ROBERT SIEGEL, host:
So, where does the past week of fighting in Iraq leave the al-Maliki government, the Mahdi army of Moqtada al-Sadr, and the U.S. in Iraq?
Well, answers now from two analysts. Iraqi-born Adeed Dawisha is a political scientist at Miami University of Ohio.
Welcome to the program once again, professor Dawisha.
Professor ADEED DAWISHA (Political Science, Miami University): Good afternoon.
SIEGEL: And Ghassan al-Atiyyah directs a Baghdad think tank called the Iraq Foundation for Development and Democracy. He joins us from Abu Dhabi in the United Arab Emirates, where he is today.
Welcome to the program, Mr. Atiyyah.
Mr. GHASSAN AL-ATIYYAH (Director, Iraq Foundation for Development and Democracy): Thank you.
SIEGEL: And Ghassan Atiyyah first, Prime Minister Al-Maliki evidently opted for a showdown with Moqtada al-Sadr. In that showdown, who won?
Mr. AL-ATIYYAH: The way I see it, if the government took the initiative and he failed to finish the job, then Moqtada al-Sadr definitely will come out a winner. In the case of Mahdi army and Moqtada al-Sadr, actually, at the beginning he felt that al-Maliki owes his position as a prime minister to the Sadr group. In addition to that, he was playing the balancing act between them and the Hakim family.
SIEGEL: The other - the family leading the other big Shiite political party in Baghdad.
Mr. AL-ATIYYAH: And in this sense, he apparently took side of the Hakim and tried to launch this attack. This attack - if he succeeded and he finished the army and controlled Basra, then everyone would applaud him and that would be great victory. He faked Iraq. He blew it.
SIEGEL: Adeed Dawisha, the judgment from Ghassan Atiyyah is Prime Minister al-Maliki quote, "he blew it." You agree?
Prof. DAWISHA: Well, I - in general terms, I agree. But this was not a knockout blow to either of the two. I would like to add if one is - wants to see any silver lining for al-Maliki, the fact that Maliki finally was willing to take on the militia, he might get one or two positive responses from the people.
But on the whole, there is no doubt that the Mahdi army and Moqtada came out better from this operation than Maliki.
SIEGEL: Well, in that case, Ghassan Atiyyah, how did the United States, which provided air support for the Iraqi security forces, how does this affect the U.S. role in Iraq now?
Mr. AL-ATIYYAH: This is the puzzle. First, the New York Times said that Maliki didn't consult with us. Stephen Hadley said we knew about it.
SIEGEL: The national security advisor, Stephen Hadley.
Mr. AL-ATIYYAH: That we knew about it. Then came what is - President Bush was saying that this is a defining moment. If a defining moment end in a stalemate, that is no doubt the prestige of the government is at stake.
SIEGEL: Well, what do you think about that equation, Adeed Dawisha, that this was, in essence, a stalemate? If it indeed was a defining moment, as President Bush says, it defines the conflict as a stalemate.
Prof. DAWISHA: I think that is absolutely correct. And I don't know why the president would say a thing like that before he could see what the results were. The problem for the Americans is that they are stuck with Maliki. If you look around, there is no real candidate that can take over from him given that any candidate who would come in has to be from the United Iraqi Alliance, the Shiite coalition, which itself is in tatters at the moment. The Sadrists who had supported him have now withdrawn their support. The Hakim group, the Islamic Revolution and the Badr group who were against him are now for him.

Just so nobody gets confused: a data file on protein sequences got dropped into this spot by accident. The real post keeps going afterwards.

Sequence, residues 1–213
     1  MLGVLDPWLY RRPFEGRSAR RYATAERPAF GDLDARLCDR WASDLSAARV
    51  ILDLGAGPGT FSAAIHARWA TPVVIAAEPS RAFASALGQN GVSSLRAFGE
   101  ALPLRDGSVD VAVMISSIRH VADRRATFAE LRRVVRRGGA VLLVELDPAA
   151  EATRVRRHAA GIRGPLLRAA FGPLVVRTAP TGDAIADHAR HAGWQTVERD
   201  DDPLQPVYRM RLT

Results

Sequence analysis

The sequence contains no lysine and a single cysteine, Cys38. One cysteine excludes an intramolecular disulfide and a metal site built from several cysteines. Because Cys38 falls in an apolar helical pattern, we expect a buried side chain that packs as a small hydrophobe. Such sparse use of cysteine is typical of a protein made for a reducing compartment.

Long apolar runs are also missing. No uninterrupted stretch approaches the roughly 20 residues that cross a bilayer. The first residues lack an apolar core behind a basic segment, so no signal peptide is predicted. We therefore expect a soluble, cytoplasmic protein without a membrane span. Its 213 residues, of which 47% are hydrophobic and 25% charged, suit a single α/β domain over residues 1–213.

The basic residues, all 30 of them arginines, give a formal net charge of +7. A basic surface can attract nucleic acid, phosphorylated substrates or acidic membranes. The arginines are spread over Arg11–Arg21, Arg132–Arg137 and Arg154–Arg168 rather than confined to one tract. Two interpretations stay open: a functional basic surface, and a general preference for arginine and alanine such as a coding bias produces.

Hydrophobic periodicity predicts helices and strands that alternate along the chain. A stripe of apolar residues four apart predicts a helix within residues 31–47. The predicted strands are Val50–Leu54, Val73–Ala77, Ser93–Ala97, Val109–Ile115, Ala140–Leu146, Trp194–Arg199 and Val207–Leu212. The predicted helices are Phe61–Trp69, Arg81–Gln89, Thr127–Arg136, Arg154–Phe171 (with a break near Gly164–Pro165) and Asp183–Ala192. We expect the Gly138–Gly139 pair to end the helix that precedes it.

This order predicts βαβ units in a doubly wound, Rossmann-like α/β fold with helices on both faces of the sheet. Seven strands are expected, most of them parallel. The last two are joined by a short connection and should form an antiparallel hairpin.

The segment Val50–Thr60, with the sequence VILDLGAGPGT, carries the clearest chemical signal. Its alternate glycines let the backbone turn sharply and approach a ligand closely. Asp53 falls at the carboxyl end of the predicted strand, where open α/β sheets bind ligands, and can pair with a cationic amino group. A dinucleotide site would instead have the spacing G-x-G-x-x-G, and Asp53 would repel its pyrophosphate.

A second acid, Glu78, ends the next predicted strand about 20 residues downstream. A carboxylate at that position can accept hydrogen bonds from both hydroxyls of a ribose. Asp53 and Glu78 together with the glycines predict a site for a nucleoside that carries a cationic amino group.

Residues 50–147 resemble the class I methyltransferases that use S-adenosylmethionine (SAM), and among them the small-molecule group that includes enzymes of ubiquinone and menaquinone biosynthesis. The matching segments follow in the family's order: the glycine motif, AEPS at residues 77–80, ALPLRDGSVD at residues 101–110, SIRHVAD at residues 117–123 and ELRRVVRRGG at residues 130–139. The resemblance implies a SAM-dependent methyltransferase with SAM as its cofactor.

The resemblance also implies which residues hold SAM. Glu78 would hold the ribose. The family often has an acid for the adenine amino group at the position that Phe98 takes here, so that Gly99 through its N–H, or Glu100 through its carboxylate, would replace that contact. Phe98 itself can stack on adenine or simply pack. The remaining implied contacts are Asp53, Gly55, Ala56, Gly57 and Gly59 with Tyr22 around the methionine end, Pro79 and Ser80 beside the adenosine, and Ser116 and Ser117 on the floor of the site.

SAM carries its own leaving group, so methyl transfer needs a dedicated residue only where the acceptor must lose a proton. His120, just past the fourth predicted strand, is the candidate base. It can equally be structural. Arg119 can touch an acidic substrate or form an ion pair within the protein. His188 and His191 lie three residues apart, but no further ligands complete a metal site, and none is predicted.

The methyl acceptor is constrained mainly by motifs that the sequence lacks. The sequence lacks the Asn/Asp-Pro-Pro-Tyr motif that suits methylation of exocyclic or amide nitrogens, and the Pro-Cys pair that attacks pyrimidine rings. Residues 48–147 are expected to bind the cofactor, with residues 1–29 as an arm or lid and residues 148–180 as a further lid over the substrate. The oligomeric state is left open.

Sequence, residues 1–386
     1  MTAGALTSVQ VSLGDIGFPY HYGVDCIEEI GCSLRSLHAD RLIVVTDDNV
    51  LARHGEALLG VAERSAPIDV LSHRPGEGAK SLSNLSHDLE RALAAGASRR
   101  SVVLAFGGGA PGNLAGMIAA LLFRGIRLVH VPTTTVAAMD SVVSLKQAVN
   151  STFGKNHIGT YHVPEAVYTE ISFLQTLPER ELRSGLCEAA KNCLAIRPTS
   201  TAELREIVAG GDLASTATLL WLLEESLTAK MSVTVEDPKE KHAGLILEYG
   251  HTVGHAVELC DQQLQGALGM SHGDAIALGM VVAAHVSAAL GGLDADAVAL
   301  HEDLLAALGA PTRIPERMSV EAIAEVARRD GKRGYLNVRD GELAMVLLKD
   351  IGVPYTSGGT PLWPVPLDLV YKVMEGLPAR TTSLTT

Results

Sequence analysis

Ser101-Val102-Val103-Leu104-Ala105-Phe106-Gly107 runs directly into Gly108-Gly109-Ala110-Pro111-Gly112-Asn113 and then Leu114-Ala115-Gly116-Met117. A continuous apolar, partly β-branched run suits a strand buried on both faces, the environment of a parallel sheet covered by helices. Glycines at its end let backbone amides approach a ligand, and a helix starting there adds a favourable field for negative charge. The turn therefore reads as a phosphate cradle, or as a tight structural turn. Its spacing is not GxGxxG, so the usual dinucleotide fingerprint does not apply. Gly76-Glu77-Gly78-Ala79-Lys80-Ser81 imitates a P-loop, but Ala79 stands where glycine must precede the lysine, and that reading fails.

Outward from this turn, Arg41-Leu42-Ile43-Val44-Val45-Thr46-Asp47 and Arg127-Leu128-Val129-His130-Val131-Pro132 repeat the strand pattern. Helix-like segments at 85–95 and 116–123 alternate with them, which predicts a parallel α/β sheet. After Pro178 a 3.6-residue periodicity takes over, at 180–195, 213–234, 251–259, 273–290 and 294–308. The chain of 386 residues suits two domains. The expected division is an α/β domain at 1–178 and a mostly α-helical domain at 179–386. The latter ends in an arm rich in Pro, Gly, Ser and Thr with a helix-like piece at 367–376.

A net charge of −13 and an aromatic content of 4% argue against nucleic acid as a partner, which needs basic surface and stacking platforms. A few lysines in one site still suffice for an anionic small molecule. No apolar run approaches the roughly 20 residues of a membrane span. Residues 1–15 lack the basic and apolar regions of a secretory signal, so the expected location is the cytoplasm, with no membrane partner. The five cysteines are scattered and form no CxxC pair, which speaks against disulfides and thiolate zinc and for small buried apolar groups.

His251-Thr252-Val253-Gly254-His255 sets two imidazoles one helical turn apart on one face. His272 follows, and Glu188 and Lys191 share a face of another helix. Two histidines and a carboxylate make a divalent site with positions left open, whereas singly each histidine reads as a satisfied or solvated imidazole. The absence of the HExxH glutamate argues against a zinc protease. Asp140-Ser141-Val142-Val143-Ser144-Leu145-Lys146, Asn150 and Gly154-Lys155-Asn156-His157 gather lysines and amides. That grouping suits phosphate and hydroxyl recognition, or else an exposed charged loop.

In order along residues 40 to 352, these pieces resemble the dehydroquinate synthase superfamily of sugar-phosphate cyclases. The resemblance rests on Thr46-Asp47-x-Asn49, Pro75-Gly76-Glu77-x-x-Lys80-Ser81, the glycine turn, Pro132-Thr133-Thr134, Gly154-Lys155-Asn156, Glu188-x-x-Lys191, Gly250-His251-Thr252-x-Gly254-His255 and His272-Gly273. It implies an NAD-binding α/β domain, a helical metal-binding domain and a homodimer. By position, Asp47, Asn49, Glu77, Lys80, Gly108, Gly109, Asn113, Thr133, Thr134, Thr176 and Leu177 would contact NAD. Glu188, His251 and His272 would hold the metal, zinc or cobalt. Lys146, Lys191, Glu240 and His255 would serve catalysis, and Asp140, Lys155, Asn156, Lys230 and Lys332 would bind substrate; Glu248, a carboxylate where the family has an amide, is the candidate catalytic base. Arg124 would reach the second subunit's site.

If you look around you, he seems to be the only compromise candidate. And if he were to resign or if he were to be pushed out, we might have a huge constitutional problem there with maybe months before anybody can agree on a candidate.
SIEGEL: Has this been a case of the Iraqi prime minister taking the initiative, getting in over his head and knowing that the U.S. has to defend him, that the U.S. must support him because it has no alternative? Is that Prime Minister al-Maliki's leverage here at this point, Ghassah al-Atiyyah?
Mr. AL-ATIYYAH: At the beginning, I thought this might be the case - it's what I read in the New York Times, that he didn't consult them. But later, with the Hadley statement and then with the president endorsement, things are different. And the real essence of the fight in the south is not ideological. It is power struggle between al-Hakim family and al-Sadr family — who should be the overall lord of the Shia in the south.
SIEGEL: Adeed Dawisha, you agree, the U.S. was sort of drawn into what amounts to clan warfare in the south of Iraq between two different claimants to leadership of the Shiite community?
Prof. DAWISHA: That's a reasonable assessment of what's happening in Basra. And apart from siding with al-Hakim against the Mahdi, which I'm sure is right, I think there is also this kind of notion that the state has to take on this militia. He had been, I think, seduced by the fact that he can command 30 to 40,000 of these newly kind of minted soldiers by the Americans. And he felt that with that force, he can go into Basra and defeat the Mahdi army and come out as a new hero. So there is a kind of combination of motivations that go beyond involving himself in an intra-militia conflict.
SIEGEL: Well, thanks to both of you for helping to enlighten us about what's been going on in Iraq for the past several days.
Adeed Dawisha, professor of political science at Miami University of Ohio, and Ghassan al-Atiyyah, director of the Iraq Foundation for Development and Democracy, thanks to both of you.
Prof. DAWISHA: Thank you.
Mr. AL-ATIYYAH: Thank you. (Speaking in foreign language)
Prof. DAWISHA: (Speaking in foreign language)
Mr. AL-ATIYYAH: (Speaking in foreign language)
Prof. DAWISHA: Bye. Take care. Bye-bye.
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